He didn’t play by anyone else’s rules, and since Falonar seemed to want him to start a fight over the way Surreal used to earn a living, he wasn’t going to oblige.

“Well,” Lucivar said with a savage smile, “if that’s how you feel about her, I’ll have her tally up your bill.”

As he walked away from Falonar, he glanced at Surreal, decided she wouldn’t explode in the next few minutes—at least, not at anyone but him—and went to the corner where Jillian waited, looking scared and defiant.

Resting one hand on the wall, he spread his wings to give them some privacy. It occurred to him that he could have created a sight shield and aural shield around them—and he knew that he would seriously hurt any man who cut off a young girl in that way from the watchful eyes of other adults.

“Why aren’t you in school?” he asked quietly.

“Because I want to be here.” Her voice trembled, but she looked him in the eyes.

Girl has balls, he thought. Of course, running tame in his home might have something to do with it, since she watched Daemonar and was used to being around him. But this was different, and they both knew it.

“School is important,” he said.

“So is this.”

All kinds of messages in those three words. And he hadn’t forgotten what he’d been told about the attack on the Eyriens here two years ago. Hallevar had made light of it at the time to spare the girl’s feelings, but Jillian had killed her first man that day, putting an arrow in the bastard’s heart. That had been the main reason he’d let her continue an informal kind of training after it became clear that the other women wanted no part of that training.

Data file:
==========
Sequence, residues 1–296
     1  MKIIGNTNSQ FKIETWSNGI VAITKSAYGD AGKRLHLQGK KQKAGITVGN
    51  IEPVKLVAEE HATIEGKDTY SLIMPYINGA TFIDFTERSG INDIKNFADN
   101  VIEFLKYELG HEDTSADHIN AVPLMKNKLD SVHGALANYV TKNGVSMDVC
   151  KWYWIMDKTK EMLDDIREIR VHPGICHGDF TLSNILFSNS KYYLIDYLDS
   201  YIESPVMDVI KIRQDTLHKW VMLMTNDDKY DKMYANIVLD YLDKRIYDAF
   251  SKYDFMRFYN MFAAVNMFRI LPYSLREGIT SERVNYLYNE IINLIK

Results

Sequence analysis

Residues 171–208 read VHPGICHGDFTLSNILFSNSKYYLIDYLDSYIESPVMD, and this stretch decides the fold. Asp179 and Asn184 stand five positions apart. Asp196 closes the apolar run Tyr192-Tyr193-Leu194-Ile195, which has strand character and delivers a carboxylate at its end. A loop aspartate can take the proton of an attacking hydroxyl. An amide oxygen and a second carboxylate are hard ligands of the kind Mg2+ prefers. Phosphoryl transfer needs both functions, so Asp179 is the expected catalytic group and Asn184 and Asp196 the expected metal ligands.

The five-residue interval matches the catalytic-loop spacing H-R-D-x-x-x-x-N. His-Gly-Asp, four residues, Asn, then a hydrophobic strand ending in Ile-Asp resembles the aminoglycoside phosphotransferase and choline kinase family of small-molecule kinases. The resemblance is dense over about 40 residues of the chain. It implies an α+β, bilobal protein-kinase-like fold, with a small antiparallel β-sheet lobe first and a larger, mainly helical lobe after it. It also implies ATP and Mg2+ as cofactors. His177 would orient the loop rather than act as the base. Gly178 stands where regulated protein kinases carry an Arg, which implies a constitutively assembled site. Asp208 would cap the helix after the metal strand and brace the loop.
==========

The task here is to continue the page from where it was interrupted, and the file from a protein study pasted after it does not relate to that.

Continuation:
“Has anyone tried to hurt you, Jillian?”

She hesitated. “Not here.”

Not here could explain why Nurian had made the decision to take her younger sister and emigrate to Kaeleer.

“Practice and training are done in the morning,” Jillian said.

True enough, but this morning just proved that being around the men wasn’t the right time for Jillian’s training, not if Falonar was going to snap and snarl the whole time the girl was with them.

He closed his wings and lowered his hand. “You go on to school now. You tell the teacher you’re late because I kept you. If she has a problem with that, she can talk to me.”

“But . . .”

“If you don’t give me any sass about this, I will figure out how to work in some regular, formal training for you.” Especially now, when the girl might be a good working partner for both Surreal and Rainier.

Jillian’s shoulders relaxed. She smiled shyly. “Yes, sir.”

He stepped aside and watched her run out of the eyrie, her steps light. Then he walked over to his next problem, who looked ready to tear out his throat with her teeth.

With her black hair and sun-kissed brown skin, Surreal looked like a beautiful woman from Dhemlan or Hayll—until a man noticed the delicately pointed ears. They were an indication, and warning, of her other bloodline. Just as he had a dual heritage of Hayllian and Eyrien but was Eyrien in every way that counted, Surreal was Dea al Mon, one of the Children of the Wood. They were a fiercely private and feral race who lived closer to the land than any other humans. And because they seemed to be born knowing what to do with a knife, they were deadly.